I can’t believe that I’ve already been in this amazing place for over three weeks now! I’m amazed at how quickly time has passed by but also excited to see how much we as a group have accomplished and to see how our relationships with the other volunteers, staff and ABAN women and their children have continued to flourish.
Work on the land has steadily continued with the help of our Ghanaian heroes, also known as the master landscapers. At this point, we have filled up well over a dozen crop beds with carrots, sweet peppers, maize and lettuce. It’s crazy how excited a group of students gets when they see little green leaves spring up from crops that they planted with VERY little experience. The summer hut has also officially started construction on the land. Although we are unable to do much with the building at this point, we are very good at pretending we are building the hut and even better at taking pictures next to it. After the frame is built though, we will get to sand it and then choose what colors we want to paint it. I’m rooting for KU’s crimson and blue but since I’m the only student here not from North Carolina, my chances are looking pretty slim.
What’s a trip to Ghana though, without a little friendly competition? Recently, we engaged in a soccer game with all of the American and Ghanaian staff and the ABAN women. The end score was too close to call but since it ended up pouring/monsooning on us and we all were covered in mud, I’d say it was a successful game.
For me, I think that situations like the soccer game are my favorite experiences here. At the beginning of this trip, I came to Ghana and primarily focused on the differences in culture and spent much of the time contrasting this trip to the way my life is in America. However, it’s indescribable to be able to join together over something as simple as soccer but something that is also prominent and important in both places.
Although our cultures may be different, we as people are the same. We crave for acceptance and friendship and love and to freely desire these things, without the fear of judgment. Through the use of soccer games, projects and just hanging out and enjoying each other’s company on a daily basis, I feel like we get to know the ABAN women in their natural habitat. This allows us to build strong relationships with the girls and I honestly can’t think of anything that I enjoy more.
For the second half of my trip, I hope to keep in perspective how truly blessed I am to be on this trip and to also take advantage that I am given the opportunity for daily interaction with these remarkable women and staff. I’m excited to see how the land continues to develop as well. This is easily the most gorgeous place I have even been to and with an upcoming trip to hike one of the largest mountains in West Africa as well as a trip to a beach resort, Ghana is full of all sorts of wonderful surprises that I can’t wait to discover!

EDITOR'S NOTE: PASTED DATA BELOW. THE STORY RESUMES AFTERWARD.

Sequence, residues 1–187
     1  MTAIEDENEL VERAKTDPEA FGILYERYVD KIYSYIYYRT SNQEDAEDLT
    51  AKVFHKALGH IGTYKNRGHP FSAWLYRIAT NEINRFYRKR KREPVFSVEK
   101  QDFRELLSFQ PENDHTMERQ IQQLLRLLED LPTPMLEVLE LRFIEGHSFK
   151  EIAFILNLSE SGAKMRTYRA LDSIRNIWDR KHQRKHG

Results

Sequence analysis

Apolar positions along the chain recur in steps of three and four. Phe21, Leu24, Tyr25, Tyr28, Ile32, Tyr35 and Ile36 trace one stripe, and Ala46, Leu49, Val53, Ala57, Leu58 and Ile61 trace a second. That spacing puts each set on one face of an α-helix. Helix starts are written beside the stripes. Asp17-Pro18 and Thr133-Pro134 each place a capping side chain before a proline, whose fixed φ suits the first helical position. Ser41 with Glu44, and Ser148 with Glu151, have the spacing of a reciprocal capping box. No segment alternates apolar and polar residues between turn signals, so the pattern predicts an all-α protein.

With so much love,
My name is Taylor Cady and I am a member of Nourish International from the University of Kansas. The purpose of Nourish International is to join with different organizations in countries around the world to help create and join in forwarding sustainable environments. Last year, Nourish sent five students from Kansas and New Mexico to build the ACE center at ABAN’s compound. This year, Kansas joined forces with Wake Forest University and sent three of us to return to ABAN.
Our main focus for this trip is to build a summer hut on ABAN’s newly acquired land. Last year, ABAN bought six acres in Dumpong with plans to develop the ABAN compound and eventually create a fully functioning village or sustainable community to replace the currently rented compound.
We began our work on the land shortly after arrival and have already experienced plenty of blood, sweat and tears (but mostly sweat). We started off by clearing all of the trees and shrubbery with our machetes and pick axes. We pretended to know how to do all of this until we actually caught on. Once the land was cleared we were able to make paths leading up to the placement of the summer hut. In those paths we planted grass, which we hope will actually grow and not just die. After the paths were completed, we were each given our very own bed of soil. We all planted carrots which are expected to germinate within a week. However, the best part about our newly found farming talents is that once the carrots begin to grow we can start making our own pizzas because many of the Ghanaian pizzas have carrots on them!
My favorite part of the trip though, by far, has been my interaction with the ABAN women and their children. It is so inspiring to see that many are the same age as myself, but have overcome so much but still continue to find joy and happiness and a have a spirit that cannot be diminished. My favorite part of each day is going to their compound and just talking with them in English and my very limited Twi. I adore hearing their stories and the reasons for their children’s names and anything that they are willing to share with me. It’s been great to see all the love and compassion that they have for each other and the hope that they all have for their futures. In a world full of sadness, despair and depression, it brings me so much joy to see the endurance and happiness that I find here in Aburi.
I’m so excited to see what is in store for me during the next five weeks of my time here in Ghana and cannot wait so see all that the girls can teach me.
With so much love,
I am very very excited for this project! It will be my first time going to Ghana and I am so ready for it!!! Love volunteering!!! 😀